Story of a Seedling Sale: Help Us Complete the Garden Book Project!

IMG_5224We’re hosting our first fundraiser! A small seedling sale featuring butterfly and bee attracting heirloom plants.

So why a seed sale?

We love nothing more than a good, overly-detailed backstory, so here’s all the info on the whys, hows, and who cares-es of the seed sale. 

Why: Our current focus at the McElroy House Organization is the completion of the Garden Book Project, a community-based media project exploring the stories of several Yell and Pope county growers. The goal of the book is not only to document these stories, but also to help support larger community conversations and organize around issues of local food security and small-scale growing.  The book features the photography of Saira Khan and the research of Marie Williams. You can read all about the project and see some of the work that’s already been done here. 

From the beginning this project has been totally volunteer-based. Almost all of the work has been done without any money ever changing hands. We’ve engaged in various forms of creative partnerships and received the kind support of lots of sweat equity, as they say in the non-profit world (if you want to know more about this we’re happy to tell you. Transparency is a big deal to us, so ask away!) But to complete the Garden Book we have to pay for the printing costs and also need to offset travel costs for volunteers doing research and photos. A few months ago we applied for and received a 500.00 Giving Tree Grant from the Pope County Community Foundation to support out work!  This was a big first step and our first grant application. We’re super excited and so thankful for the support of the Arkansas Community Foundation! 

But that won’t quite cover the costs of printing. So we started looking around for ways to raise money that would be inline with our mission.

IMG_0572What and How:

All of the seeds are heirloom varieties and come from either Baker Creek Heirloom Seed Company, Seed Savers Exchange, or are 2nd generation seeds from our gardens. They’ve been grown in these easy-to-make recyclable containers that can be placed directly in the ground. Several volunteers came to help us make the containers, as you can see from these photos.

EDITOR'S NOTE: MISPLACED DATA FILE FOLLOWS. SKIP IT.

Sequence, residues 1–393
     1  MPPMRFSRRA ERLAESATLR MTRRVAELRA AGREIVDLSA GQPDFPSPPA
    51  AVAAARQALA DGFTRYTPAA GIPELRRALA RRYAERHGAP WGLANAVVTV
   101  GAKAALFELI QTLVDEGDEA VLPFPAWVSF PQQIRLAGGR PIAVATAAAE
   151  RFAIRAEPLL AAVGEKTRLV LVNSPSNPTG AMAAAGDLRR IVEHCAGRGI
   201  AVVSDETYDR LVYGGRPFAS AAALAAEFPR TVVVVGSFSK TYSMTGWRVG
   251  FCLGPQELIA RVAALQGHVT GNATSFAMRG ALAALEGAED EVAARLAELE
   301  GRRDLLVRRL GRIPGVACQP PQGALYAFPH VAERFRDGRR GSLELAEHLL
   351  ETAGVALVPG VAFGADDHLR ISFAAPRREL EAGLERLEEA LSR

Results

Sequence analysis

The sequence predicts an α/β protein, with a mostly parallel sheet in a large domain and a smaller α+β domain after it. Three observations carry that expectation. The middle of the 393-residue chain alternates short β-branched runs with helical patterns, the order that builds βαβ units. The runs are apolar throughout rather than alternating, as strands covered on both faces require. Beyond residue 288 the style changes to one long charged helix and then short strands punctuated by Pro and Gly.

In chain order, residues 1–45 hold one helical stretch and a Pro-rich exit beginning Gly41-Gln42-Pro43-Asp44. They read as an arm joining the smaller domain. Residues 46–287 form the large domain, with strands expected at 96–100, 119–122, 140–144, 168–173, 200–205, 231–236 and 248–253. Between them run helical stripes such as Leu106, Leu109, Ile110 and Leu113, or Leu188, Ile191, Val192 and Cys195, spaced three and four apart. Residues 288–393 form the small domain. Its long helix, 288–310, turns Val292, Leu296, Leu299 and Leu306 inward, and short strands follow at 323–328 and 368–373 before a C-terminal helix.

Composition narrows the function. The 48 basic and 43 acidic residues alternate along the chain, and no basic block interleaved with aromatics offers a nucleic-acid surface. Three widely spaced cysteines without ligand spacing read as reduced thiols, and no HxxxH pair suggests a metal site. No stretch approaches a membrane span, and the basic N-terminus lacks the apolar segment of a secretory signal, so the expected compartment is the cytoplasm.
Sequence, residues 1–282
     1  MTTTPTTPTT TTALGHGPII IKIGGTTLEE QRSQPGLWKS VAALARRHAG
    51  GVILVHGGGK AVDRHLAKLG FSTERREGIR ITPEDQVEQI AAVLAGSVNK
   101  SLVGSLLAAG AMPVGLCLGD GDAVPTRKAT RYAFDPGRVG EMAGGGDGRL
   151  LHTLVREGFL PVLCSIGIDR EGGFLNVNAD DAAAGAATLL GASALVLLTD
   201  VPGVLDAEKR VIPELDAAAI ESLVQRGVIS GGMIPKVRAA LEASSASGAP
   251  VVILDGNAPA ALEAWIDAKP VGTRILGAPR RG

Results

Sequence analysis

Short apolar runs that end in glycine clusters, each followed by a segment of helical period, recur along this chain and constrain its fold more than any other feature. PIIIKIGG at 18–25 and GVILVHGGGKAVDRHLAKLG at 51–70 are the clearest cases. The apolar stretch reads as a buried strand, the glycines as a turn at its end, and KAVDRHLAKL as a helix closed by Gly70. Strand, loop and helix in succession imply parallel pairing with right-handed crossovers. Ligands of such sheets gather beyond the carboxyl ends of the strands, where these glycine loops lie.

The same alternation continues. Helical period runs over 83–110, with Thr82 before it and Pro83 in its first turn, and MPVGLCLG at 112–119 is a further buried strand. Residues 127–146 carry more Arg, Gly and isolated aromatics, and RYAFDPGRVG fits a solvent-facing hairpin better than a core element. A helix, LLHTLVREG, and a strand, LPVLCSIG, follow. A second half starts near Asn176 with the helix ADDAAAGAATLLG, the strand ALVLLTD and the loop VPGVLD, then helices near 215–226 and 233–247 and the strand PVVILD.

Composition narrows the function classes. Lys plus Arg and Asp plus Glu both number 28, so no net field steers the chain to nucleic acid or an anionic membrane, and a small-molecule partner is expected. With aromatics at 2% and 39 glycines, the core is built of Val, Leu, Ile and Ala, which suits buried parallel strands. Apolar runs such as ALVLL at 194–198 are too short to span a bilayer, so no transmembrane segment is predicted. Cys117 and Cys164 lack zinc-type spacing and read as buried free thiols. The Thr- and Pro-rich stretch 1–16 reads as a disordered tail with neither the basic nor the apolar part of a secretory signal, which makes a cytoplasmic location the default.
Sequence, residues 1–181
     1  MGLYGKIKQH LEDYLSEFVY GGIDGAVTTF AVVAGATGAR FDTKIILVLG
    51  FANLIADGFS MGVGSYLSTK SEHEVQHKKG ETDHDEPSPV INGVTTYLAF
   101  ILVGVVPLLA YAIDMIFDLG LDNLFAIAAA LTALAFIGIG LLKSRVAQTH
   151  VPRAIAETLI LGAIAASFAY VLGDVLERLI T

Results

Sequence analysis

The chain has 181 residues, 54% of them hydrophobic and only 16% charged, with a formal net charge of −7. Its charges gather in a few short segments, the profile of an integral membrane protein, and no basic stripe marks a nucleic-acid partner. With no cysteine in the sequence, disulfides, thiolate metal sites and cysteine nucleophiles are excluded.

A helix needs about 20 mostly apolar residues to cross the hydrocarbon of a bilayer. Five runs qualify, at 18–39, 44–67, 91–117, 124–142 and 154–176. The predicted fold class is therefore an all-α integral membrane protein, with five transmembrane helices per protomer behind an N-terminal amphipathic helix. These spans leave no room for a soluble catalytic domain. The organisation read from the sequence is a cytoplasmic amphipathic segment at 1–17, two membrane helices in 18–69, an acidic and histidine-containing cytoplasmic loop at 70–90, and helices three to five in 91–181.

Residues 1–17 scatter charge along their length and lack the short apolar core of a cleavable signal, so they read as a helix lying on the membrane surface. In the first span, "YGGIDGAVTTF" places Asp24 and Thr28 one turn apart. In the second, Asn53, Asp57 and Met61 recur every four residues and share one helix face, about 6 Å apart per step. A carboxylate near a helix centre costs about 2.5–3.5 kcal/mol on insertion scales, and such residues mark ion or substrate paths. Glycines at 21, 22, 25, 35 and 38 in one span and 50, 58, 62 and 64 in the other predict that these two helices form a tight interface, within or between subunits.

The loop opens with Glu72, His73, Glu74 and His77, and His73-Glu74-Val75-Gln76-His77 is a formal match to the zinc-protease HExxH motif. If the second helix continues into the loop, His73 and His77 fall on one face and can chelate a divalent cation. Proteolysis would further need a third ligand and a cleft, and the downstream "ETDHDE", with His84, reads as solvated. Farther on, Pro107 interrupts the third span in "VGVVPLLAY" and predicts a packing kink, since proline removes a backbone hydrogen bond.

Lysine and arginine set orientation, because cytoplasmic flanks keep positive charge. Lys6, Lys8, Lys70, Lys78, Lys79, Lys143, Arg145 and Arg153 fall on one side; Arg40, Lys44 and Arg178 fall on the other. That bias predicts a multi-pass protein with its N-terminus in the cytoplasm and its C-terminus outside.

To make your own, just take an old bottle, wrap newspaper around the bottle, fold at the bottom and tape. Easy and free and a great way to use old newspapers. Thanks so much to Rachel Luster for showing us this neat trick.

Once we finished we had this big pile of containers. and we;ve  filled up many baskets since.

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We used a mixture of Arkansas-based products for the soil, including Hapi-Grow potting soil from Hope, Arkansas and compost and Supersoil from American Composting, a Little Rock based company specializing in organic recycling. Thanks to a gift from the Pope County Master Gardeners we were able to purchase much of the soil for no cost! (Thanks Master Gardeners!!)

Then we set up a little make-shift temporary grow spot for the baby seeds made from donated scrap lumber. Volunteers came over to help us fill up the containers and add the seedlings. Elsie, the trusty guard dog, supervised our work.

We wanted to focus solely on flowers that are easy to grow in gardens, even for beginning growers. We also wanted to plant varieties known to attack butterflies and bees to the garden, which help with community pollination. And besides, butterfly flowers are beautiful. A good flower garden, we’re quite certain, is an important part of a vibrant community.  All these flowers are easy to care for and can be grown in pots or garden beds.